The Blake Project, the brand consultancy behind Branding Strategy Insider, delivers interactive brand education workshops and keynote speeches designed to align marketers on essential concepts in brand management and empower them to release the full potential of the brands they manage.
Times are tough for marketers right now. So let me take you away to an oasis of consumer loyalty where huge margins and a ridiculously dominant market share are the norm. Where private label is non-existent and your biggest competitor is your second string product. No, it’s not a fantasy. It’s the alternative marketing universe occupied by Gillette.
Thanks to years of product innovation and heavy investment in marketing and advertising, Gillette occupies perhaps the most dominant position of any of the major global consumer goods brands with an estimated 70% share of the global razor blade category. Common sense might suggest that if you found yourself in this envious position you would sit back and count the billions of dollars in annual revenues that this market share delivers. But Gillette is owned by P&G, and while even the best marketing company in the world can’t improve much beyond that level of market share – there are plenty of other levers to pull to generate shareholder value. And those levers provide brand managers with a vital, best practice lesson in growing a brand’s contribution even when market share remains constant.
First, drive profitability. Market share might have reached its zenith, but that does not mean your margins can’t be squeezed. And squeezed tight. One industry insider in the UK recently revealed that despite a retail price of £9.72 for a pack of four Fusion razor blades, the actual manufacturing and packaging costs for this product is less than 30p. That’s a whopping mark-up of almost 3000%. How about that for a margin?
Second, practice positive cannibalization. Gillette launched its five bladed Fusion line in 2006 with a 40% price premium over Mach3, its previous three bladed offering. Despite the fact that both lines generate significant profits, with such a huge share of the shaving market it makes more sense for Gillette to focus its marketing resources on switching its own customers from Mach 3 to the more profitable Fusion line than trying to win any more share from competitors. That’s why Gillette is now spending millions to compete against itself with ads and online comparisons that attempt to convince its Mach 3 consumers that their current razor is simply not good enough and to trade up to Fusion. A year ago Fusion started a TV campaign called “Nudging Disciples” in which ads argued that “five is better than three,” referring to the different blade counts of Fusion and Mach3. The spot shows Tiger Woods, Derek Jeter and Roger Federer literally knocking Mach3 razors out of men’s hands with a golf ball, baseball and tennis ball, respectively. “Sometimes you need a little push to let go of your Mach3 razor,” the narrator says. While it may seem crazy to spend millions to compete against yourself, the margin differences mean that this will deliver a better ROI than targeting the small number of remaining non-Gillette consumers over to the brand. Targeting existing customers is usually easier and the conversion rates are better.
Third, drive usage. Don’t fall in love with steps one and two that I listed above. They are good tactics, but don’t make the classic marketers error of overlooking the easiest and most powerful driver of profitability. It might sound less sexy than increasing share or price point – but believe me – increasing consumer usage of a brand has always been the number one way to fuel profitability. Get consumers to stay with a brand for longer. Persuade them to use it just a little more. Find an additional application. All simple but powerful ways to drive increased sales from the same stable market base. In Gillette’s case the company is investing heavily in an online campaign to encourage consumers to use their Gillette razor downstairs on the lower body area as well as upstairs on the face. Interactive videos with powerful messages like, “You might say when there’s no underbrush the tree looks taller” are increasing the frequency of blade use on those thicker, more stubborn lower body regions. One of the joys of having a 70% global share is that you can run general campaigns to grow total category usage like this campaign, safe in the knowledge that most of the upturn in sales will benefit your brands.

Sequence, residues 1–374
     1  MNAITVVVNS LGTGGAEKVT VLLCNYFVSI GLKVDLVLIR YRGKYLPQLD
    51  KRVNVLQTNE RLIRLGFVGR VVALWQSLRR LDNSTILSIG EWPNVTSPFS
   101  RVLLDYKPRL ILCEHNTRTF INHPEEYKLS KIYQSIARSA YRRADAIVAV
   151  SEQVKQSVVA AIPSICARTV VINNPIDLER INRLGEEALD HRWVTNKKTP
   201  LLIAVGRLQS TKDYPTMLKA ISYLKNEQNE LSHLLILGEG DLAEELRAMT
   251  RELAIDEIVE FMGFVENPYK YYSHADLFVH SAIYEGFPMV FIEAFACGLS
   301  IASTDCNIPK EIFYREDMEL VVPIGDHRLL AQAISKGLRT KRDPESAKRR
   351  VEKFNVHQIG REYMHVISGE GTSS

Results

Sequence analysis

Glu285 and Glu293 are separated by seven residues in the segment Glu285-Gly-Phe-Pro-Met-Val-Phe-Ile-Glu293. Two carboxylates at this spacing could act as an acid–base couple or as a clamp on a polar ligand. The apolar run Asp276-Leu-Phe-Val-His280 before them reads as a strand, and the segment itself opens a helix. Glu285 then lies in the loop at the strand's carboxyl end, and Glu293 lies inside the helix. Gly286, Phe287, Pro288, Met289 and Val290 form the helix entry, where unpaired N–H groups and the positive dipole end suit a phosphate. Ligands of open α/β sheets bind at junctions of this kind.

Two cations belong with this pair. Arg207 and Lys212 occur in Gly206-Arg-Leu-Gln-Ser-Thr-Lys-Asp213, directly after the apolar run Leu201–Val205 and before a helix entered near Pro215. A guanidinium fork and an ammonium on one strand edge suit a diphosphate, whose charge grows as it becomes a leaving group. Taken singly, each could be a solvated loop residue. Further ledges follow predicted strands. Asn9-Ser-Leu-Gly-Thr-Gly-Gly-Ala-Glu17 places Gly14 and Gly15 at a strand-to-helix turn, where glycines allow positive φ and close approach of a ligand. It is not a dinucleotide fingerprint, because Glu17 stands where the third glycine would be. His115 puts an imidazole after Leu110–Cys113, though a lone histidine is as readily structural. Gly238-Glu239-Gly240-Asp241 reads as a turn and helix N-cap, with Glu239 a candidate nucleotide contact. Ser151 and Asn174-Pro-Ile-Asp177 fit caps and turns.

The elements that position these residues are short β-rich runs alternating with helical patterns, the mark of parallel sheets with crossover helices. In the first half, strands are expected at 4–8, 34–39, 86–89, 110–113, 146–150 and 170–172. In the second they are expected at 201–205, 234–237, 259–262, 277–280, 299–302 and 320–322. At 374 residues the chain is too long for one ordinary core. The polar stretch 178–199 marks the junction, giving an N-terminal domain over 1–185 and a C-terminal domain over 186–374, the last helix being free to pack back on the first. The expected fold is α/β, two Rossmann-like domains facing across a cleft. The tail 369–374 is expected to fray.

Fourth, don’t just sit there. Extend the brand! You have a billion dollar brand equity – use it to enter and take control of other related categories. For Gillette that has meant a successful foray into the “software” side of shaving with up to a 50% share in the shaving cream category in many countries and a growing slice of deodorants and shampoos too.
Finally, stay frosty. Today’s market dominator could end up being tomorrow’s has-been brand. The vast majority of spend on consumer goods marketing is spent defensively to maintain share, not grow it. No surprise therefore that Gillette is one of the brands linked to the hottest TV series of 2009 – the second series of True Blood from HBO. Their fictional tie-in campaign shows a vampire endorsing Fusion as the best shave for the undead. It will deliver a huge amount of defensive awareness while keeping the brand contemporary and hip in the never ending battle to stay fresh.
So take some comfort with your shrinking share, puny margins and tiny marketing budget. You think you have it tough? Look how hard Gillette has to work with 70% share, 3000% mark up and no real competition. Who said brand management was ever easy?